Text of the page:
There is an oft-repeated comment that tries to lift up the sagging morale of an individual. In today’s media-based networking, the “Think Positive” advice has gained immense popularity. It has firmly attained its unique space in the managerial teachings in colleges, motivational discourses and Behavioural Economics.
To use this term while looking at the current state of the industry sounds devoid of any argument. But it brings back the immediate need of doing a critical analysis of the reasons for the decline and prodding us to strategise for getting over the crisis. And the implementation of these strategies has to be pursued with dedication and commitments.
One way of evaluating the economic performance is to compare the lowest growth periods and take lessons. During FY13 and FY14, India’s GDP grew by 5.5% and 6.4%, respectively which currently stands at 6.8%. During FY15 and FY19, India could achieve an average GDP growth exceeding 7.5%. These two low growth years had agricultural GVA growing by an average 3.5% against FY19 growth of 2.9%. Agriculture despite weakening linkages had a pulling down impact on industry and therefore the average industrial growth measured in terms of GVA came down to 3.5% in those years against the current growth of 6.9%.
The manufacturing sector in those low growth years had on average clocked 5.3% growth against the FY19 GVA growth figure of 6.9%. Although the services sector performed nearly at the same rate during then and now, one component, namely, public administration and defence has currently performed more than double compared to previous low growth periods. Thus, India is performing better now compared to the past low growth years with respect to some important parameters.
The worrying factor could be found in the driving forces of GDP. Being a consumption-led economy that accounts for a share of more than 59% of GDP against the average share of 56.3% in the past low growth periods, the reliance on Gross Capital Formation (proxy for investment) has sharply fallen. From an average ratio of GCF at 33.8% of GDP in the low growth periods, India could achieve only 29.3% ratio in FY19. The saving-investment gap which was an average 4.5% of GDP in the past (thanks to a higher saving ratio of around 34.3% of GDP that has since come down to 30.5%) resulted in a higher fiscal deficit of average 4.7% of GDP.
A declining investment ratio required a lower saving rate and has apparently saved the country from entering into a higher fiscal deficit, but added to the massive infrastructure deficits in all these years. It is to be noted that saving of household sector as a percentage of GDP has gone down from an average 23% of GDP in the past to 17.2% in FY19 with total private sector saving (private corporate sector and the household sector) has dropped down by nearly 5% of GDP.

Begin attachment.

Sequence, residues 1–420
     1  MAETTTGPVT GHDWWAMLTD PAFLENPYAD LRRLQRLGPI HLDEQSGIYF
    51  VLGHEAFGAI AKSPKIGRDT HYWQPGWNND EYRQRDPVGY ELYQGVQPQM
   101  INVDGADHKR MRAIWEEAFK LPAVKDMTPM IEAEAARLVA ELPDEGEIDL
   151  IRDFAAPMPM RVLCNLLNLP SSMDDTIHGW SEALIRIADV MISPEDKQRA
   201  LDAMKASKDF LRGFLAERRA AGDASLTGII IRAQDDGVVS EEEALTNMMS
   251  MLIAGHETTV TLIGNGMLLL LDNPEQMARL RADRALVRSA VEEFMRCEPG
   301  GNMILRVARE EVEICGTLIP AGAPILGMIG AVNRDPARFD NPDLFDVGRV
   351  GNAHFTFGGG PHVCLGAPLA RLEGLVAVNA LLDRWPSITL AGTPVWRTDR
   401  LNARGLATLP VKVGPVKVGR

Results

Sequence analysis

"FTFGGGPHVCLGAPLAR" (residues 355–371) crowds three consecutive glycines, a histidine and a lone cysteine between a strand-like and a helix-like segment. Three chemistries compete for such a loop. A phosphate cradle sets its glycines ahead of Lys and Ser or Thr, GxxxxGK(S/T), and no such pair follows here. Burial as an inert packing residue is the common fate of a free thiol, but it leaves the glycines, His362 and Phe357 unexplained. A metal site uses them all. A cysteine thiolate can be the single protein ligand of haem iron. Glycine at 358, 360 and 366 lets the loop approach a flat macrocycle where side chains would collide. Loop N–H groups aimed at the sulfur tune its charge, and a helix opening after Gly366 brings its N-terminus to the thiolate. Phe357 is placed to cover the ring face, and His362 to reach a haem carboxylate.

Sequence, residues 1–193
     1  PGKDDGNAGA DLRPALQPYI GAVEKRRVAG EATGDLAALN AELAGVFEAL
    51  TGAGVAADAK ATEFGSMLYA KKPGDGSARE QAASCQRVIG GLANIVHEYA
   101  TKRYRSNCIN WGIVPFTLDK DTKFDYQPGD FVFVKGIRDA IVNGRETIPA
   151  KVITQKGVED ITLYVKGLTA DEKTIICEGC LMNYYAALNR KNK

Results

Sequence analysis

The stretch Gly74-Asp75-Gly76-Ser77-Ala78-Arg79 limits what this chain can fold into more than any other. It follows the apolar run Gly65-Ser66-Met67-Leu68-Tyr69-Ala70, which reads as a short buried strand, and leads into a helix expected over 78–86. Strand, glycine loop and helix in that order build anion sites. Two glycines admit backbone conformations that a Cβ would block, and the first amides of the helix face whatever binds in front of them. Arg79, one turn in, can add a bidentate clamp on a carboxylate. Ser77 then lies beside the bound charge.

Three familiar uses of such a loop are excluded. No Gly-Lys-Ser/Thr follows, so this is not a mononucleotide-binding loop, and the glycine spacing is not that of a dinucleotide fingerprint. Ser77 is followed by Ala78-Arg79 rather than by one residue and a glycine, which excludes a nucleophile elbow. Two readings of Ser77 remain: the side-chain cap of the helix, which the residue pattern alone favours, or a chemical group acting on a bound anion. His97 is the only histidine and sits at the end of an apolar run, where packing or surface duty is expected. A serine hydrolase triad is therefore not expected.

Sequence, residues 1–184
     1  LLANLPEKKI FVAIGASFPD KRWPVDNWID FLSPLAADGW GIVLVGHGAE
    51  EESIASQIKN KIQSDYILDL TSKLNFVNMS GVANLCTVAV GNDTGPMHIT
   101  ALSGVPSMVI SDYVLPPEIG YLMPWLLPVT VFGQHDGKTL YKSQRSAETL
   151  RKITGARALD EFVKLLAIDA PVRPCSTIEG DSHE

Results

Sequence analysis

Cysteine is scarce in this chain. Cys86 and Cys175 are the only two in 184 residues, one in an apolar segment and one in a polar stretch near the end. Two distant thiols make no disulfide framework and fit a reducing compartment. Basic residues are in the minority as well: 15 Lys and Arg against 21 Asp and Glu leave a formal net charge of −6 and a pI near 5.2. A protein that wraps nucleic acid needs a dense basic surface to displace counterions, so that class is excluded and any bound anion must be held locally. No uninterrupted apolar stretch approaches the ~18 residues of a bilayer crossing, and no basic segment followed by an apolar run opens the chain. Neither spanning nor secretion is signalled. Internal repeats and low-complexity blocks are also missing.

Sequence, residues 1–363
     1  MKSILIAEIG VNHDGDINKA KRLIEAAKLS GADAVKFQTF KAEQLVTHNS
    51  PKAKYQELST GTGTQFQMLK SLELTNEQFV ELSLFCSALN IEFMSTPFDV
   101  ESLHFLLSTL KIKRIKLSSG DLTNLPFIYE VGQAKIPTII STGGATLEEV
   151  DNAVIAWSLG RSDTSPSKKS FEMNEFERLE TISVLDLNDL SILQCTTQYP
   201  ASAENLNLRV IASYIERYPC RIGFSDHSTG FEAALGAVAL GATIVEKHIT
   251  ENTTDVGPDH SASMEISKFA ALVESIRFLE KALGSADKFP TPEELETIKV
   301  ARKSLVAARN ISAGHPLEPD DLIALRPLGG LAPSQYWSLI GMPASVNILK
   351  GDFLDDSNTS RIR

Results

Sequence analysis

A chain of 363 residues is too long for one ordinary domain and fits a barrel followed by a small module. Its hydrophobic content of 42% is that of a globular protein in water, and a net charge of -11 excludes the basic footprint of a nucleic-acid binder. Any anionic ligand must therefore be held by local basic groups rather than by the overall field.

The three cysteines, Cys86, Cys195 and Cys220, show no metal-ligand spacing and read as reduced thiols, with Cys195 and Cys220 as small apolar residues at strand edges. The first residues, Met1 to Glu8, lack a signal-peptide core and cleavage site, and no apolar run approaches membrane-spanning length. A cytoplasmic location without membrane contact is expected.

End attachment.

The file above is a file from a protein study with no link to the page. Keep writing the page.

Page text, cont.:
The financial saving by the household sector has gone up, while the saving in physical assets has come down sharply which is the reason for demand stagnation for the consumer durable sector. Further the exports (all commodities) that grew at an annual average 24.5% in the past periods is currently hovering at 19.7% only. However, higher growth in exports of manufactured products (exceeding 7% from an average negligible rate in the past) is encouraging.
Similarly, the machinery export growing at an annual average rate of 4% is currently growing at 4.5 times the past rate. Fortunately for the country, the crude oil imports have declined due to price effect and conscious regulations have made import of gold imports to come down as a result of which India’s CAD at 0.7% of GDP by fourth quarter of FY19 looks comfortable. The growth rate of total imports from an annual average of 31.3% in low growth periods has currently come down to 23.6%, thanks to the indigenisation drive by the government in defence, power, steel, machineries, among others.
The positives are low inflation rate (WPI in June 2019: 2.02%), CAD (0.7% in fourth quarter of FY19) FE reserve ($429.6 billion as on July 26, 2019), IIP in infrastructure and construction segment (7.5% in FY19 and 6.4% in first two months of the current fiscal) and GVA in construction at 8.7% in FY19, repo rate at 5.75%.
Investment ratio must be enhanced at the cost of fiscal deficits as investment needs of the mega projects — Bharatmala, Setu Bharatam, Sagarmala, DFC, Piped supply of clean drinking water under Jal Shakti, PMAY-U&G, Irrigation schemes — are enormous and budgetary provisions are limited. The strong fundamentals of the economy can sustain a higher saving investment gap along with a higher export component.
Steel suppliers added inventory of around 2 MT at the end of June 2019 and suffered EBITDA losses as prices have come down by around 15% in the past 5 months. Steel inventory in specific sizes and grades can be passed on to the mega project authorities and their procurement cells/executing agencies as they need urgent supply at various locations.
An anticipated flow of fresh investment can do wonders at this stage, even prompting the fence sitters to jump into the fray.